On June 14, four months since the military seized power in a coup, trial of Myanmar's ousted leader Aung San Suu Kyi and other leaders will commence and the junta court's first testimony will be out. The 1991 Nobel laureate, known for her non-violent struggle for democracy and human rights in Myanmar, is facing a battery of charges and expected to testify in person at a special court in the capital.
Myanmar's ousted leader and President Win Myint have been under detention since the military coup d'état earlier this year. They are being tried for allegedly violating COVID-19 protocols during last year's election. Also, the junta court is set to hear the matter in which Aung San Suu Kyi is charged for incitement and possessing unlicensed walkie-talkies.
On June 15, she will reappear before the court to face charges where she has been accused of breaching the Telecommunications Law and the National Disaster Management Law. Reportedly, the two leaders have been moved to an unknown location from their residences in the recent few weeks by the military which is also known as the Tatmadaw.
According to the head of her legal defence team, all allegations against her are baseless, so this can be categorised as the latest provocation by Myanmar's military rule to overthrow Aung San Suu Kyi from her glorious victory in November's national election. Her party had secured over 80 per cent of the seats while the military claimed that the polls were rigged. The junta later said it would conduct fresh elections only after two years and threatened to dissolve Suu Kyi's National League for Democracy (NLD).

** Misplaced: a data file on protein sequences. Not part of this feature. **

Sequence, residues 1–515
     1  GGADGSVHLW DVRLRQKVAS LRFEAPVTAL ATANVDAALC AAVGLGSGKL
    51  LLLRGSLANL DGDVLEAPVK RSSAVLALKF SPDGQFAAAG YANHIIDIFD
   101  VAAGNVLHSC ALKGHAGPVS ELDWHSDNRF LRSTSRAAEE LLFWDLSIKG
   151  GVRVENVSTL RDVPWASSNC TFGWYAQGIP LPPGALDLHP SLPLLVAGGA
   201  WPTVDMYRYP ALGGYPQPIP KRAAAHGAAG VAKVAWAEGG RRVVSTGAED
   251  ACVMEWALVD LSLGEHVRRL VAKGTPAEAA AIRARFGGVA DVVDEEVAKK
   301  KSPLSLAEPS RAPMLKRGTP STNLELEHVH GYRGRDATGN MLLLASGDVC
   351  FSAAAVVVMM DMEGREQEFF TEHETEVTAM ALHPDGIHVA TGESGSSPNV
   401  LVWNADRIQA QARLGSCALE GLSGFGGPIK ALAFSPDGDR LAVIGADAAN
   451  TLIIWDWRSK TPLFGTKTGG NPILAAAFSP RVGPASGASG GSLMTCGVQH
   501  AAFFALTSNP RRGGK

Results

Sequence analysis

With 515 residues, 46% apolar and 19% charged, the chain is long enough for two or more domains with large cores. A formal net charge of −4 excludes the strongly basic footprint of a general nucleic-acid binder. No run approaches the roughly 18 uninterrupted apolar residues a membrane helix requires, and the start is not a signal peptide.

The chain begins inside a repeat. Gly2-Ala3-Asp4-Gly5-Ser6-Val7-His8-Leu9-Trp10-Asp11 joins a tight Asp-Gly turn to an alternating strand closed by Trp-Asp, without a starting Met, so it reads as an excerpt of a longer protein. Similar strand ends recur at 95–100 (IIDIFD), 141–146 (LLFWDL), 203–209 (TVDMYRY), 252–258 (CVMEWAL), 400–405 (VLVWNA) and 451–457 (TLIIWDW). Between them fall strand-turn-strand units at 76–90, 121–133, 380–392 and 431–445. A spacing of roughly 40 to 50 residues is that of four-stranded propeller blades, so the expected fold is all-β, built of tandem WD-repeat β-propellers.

The sixth charge against Myanmar's 75-year-old ousted leader Suu Kyi faces is the most serious one- breaching the colonial-era Official Secrets Act, which carries a penalty of up to 14 years' imprisonment. It has been handled separately from the other charges and was filed in a court in Yangon, the country's biggest city. Another of her lawyers had previously informed that when they met with her, she asked them if they could help pay for her food expenses because her cash resources were low and she did not want to rely on being fed by her captors.
As per Mayanmar daily The Global New Light, Kyi has been accused of:
Now, inside the country, she still remains widely revered as a symbol of democracy courtesy of Suu Kyi forming Myanmar's first form of civilian-led government in five decades in 2015.